J.K. Rowling's Most Controversial Moments

J.K. Rowling is the creative genius behind the magical world of Harry Potter. Her characters navigate a complex, fantastical web of enchanted people, places, and quests. Rowling has been a creative writer since childhood, but Business Insider reports that Rowling was near penniless before she thrilled readers with adventures in witchcraft and wizardry. While enduring her fair share of struggles, she developed the inner strength and resolve that led her to create one of the best-known characters in literary history. That spirit of determination has also gotten Rowling in trouble because her strong opinions sometimes alienate fans and attract foes.

Rowling has a legion of adoring fans who connect with her on social media, often looking to her for advice and inspiration. She is known for offering supportive, almost maternal words of wisdom to aspiring writers as they struggle to find their voice. And, of course, when fans like the content of your tweets, Twitter is smooth sailing. But the flip side of connecting with fans so easily is that the interaction can go south very quickly, resulting in an angry Twitter mob.

Whether Rowling has had to deal with trolls, who pounce on anyone who voices an opinion differing from theirs, or legitimate critics of her divisive stances on polarizing issues, she doesn't back down. Let's take a look at some of her most controversial moments.   

Some Harvard students weren't impressed with J.K. Rowling's commencement address

During her commencement speech to Harvard University's 2008 graduates, J.K. Rowling spoke about the importance of failure and the security she gained after failing "on an epic scale." She recounted her parents' refusal to entertain her creative aspirations as anything other than "an amusing personal quirk that would never pay a mortgage, or secure a pension." She could have moved on after pointing out the irony, but her career success despite lack of parental support wasn't the point she was making. She continued, "There is an expiry date on blaming your parents for steering you in the wrong direction; the moment you are old enough to take the wheel, responsibility lies with you." 

Although Rowling's sentiments were hardly controversial, and were, essentially the essence of virtually any commencement address, her very presence at the storied institution was — at least for a few students. Speaking with NPR, computer science major Kevin Bombino felt the school "settled" when inviting Rowling to speak, adding, "I think we could have done better. You know, we're Harvard. ... And I think we should be entitled to ... we should be able to get anyone." Fellow student Andy Vaz concurred, lamenting the choice of "a children's writer" for such an honor. "What does that say to the class of 2008?" he asked, adding, "Are we the joke class?"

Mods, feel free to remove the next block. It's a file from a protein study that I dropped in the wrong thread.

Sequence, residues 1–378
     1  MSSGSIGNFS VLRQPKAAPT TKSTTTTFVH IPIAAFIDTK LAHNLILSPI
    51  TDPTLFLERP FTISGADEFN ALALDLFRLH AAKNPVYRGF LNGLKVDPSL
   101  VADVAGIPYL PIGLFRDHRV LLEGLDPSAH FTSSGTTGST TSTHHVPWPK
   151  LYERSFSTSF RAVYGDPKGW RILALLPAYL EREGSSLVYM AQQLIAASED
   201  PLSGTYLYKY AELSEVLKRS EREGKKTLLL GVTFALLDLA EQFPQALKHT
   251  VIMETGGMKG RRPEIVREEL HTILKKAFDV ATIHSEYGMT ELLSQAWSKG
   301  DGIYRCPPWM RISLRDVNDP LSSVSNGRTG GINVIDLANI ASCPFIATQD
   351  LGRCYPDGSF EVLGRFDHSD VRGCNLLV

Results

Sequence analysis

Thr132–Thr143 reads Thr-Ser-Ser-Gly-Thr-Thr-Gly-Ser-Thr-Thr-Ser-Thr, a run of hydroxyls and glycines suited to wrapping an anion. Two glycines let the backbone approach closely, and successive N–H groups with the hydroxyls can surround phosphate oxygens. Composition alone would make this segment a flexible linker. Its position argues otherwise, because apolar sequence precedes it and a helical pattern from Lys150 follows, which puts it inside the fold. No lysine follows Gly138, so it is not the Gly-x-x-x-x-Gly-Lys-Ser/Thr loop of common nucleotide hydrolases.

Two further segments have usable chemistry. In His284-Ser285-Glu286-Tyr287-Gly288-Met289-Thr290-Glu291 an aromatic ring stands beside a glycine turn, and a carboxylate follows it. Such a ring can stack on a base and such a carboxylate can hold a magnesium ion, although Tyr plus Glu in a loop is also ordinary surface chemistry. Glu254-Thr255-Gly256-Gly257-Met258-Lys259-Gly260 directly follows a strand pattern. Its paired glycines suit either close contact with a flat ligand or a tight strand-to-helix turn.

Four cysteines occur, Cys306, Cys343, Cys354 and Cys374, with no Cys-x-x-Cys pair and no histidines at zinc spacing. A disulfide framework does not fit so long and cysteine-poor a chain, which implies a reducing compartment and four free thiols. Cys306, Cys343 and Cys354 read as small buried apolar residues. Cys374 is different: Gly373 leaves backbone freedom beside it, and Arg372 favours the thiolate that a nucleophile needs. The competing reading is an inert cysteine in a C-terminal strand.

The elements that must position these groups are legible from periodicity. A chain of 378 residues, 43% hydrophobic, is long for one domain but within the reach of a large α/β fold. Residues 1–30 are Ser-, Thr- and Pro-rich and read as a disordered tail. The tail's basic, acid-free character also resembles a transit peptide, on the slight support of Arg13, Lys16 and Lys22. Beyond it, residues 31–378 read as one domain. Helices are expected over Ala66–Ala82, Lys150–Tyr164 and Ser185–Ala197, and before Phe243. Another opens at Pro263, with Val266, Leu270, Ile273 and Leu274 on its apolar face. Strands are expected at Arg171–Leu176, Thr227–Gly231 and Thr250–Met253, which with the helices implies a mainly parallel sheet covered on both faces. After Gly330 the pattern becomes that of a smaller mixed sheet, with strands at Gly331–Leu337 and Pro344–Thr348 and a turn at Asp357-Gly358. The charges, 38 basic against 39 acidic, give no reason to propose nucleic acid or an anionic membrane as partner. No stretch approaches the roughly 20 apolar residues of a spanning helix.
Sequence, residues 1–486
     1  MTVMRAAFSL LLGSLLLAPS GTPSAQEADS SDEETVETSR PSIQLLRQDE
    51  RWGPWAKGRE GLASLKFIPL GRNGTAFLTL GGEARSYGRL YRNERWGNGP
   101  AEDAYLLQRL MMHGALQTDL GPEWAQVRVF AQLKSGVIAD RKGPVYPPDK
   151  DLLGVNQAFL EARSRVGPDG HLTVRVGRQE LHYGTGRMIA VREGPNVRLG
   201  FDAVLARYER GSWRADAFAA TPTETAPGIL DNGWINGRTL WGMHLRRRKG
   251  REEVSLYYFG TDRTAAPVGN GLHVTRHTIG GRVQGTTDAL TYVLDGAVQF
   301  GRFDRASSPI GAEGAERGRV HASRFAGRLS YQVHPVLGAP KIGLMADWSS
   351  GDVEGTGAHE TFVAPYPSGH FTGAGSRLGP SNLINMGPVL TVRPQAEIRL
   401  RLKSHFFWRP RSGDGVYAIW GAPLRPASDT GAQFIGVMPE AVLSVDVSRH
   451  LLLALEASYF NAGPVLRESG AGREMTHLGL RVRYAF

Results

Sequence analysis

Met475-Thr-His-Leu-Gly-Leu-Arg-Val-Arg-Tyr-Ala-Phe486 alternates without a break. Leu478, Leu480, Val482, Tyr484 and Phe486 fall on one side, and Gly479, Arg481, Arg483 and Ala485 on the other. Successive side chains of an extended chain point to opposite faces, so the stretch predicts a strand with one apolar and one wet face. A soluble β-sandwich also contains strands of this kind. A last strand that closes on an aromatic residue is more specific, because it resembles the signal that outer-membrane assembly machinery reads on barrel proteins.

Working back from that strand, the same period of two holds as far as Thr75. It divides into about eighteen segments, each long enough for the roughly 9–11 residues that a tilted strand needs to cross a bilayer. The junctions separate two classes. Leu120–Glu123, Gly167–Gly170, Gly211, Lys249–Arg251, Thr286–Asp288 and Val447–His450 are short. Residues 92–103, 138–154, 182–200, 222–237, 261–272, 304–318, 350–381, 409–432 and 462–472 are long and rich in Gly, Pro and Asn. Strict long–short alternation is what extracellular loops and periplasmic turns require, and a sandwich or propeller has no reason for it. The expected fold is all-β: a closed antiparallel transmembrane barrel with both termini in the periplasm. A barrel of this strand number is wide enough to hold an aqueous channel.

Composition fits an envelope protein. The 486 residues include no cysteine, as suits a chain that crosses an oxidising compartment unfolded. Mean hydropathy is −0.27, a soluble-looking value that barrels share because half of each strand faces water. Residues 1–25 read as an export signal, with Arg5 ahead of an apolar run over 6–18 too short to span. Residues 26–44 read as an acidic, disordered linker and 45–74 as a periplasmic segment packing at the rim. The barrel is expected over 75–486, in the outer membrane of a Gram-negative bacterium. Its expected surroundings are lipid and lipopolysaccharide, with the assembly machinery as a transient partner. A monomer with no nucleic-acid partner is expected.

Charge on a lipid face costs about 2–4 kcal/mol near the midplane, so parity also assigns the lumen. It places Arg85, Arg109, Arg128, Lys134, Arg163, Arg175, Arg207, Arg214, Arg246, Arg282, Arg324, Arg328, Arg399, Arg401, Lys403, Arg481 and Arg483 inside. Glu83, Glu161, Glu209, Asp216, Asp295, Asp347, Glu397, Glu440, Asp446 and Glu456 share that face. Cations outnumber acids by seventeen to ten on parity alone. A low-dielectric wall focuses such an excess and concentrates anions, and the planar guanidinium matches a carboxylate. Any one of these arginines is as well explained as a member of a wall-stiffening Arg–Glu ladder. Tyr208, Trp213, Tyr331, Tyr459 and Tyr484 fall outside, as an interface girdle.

J.K. Rowling trolled the trolls while raising awareness of Europe's refugee crisis

J.K. Rowling is a strong proponent of human rights. In 2019, she was honored as a Ripple of Hope laureate by the Robert F. Kennedy Human Rights organization for her " lifelong commitment to human rights and [her] exceptional work toward a more just and peaceful world." So, it is no surprise that when the migrant crisis hit the European Union in 2015, she paid attention and tried to raise awareness of the growing humanitarian crisis. More than one million asylum seekers flooded into European countries that year alone, fleeing persecution and conflict in the Middle East and North Africa. Their journeys were grueling, and one report suggests that since the early 1990s, tens of thousands of migrants have died trying to reach Europe.

The EU was unprepared for such a sudden, immense influx of asylum seekers, which gave rise to political conflict throughout the EU as leaders tried to decide how to handle this crisis. Rowling voiced her support for the refugees, tweeting, "If you can't imagine yourself in one of those boats, you have something missing. They are dying for a life worth living. #refugeeswelcome." A Twitter user heckled her, replying, "Said the millionaire on her gold iphone (sic) in her mansion." But Rowling clapped right back. "I'd type a longer retort," she tweeted, "but these diamond buttons really hurt my fingers."

Outing Dumbledore caused J.K. Rowling considerable controversy

J.K. Rowling has always appeared to be a champion for the LGBTQ community. She has heralded openly gay public figures, stood up to opponents of gay rights, and even made one of her lead Harry Potter characters gay. Rowling outed the fictitious headmaster of Hogwarts School of Witchcraft and Wizardry, Albus Dumbledore, at a 2007 audience question and answer session at Carnegie Hall (via The Guardian). This revelation, while loudly applauded in the auditorium, was much to the chagrin of some cynical Harry Potter fans.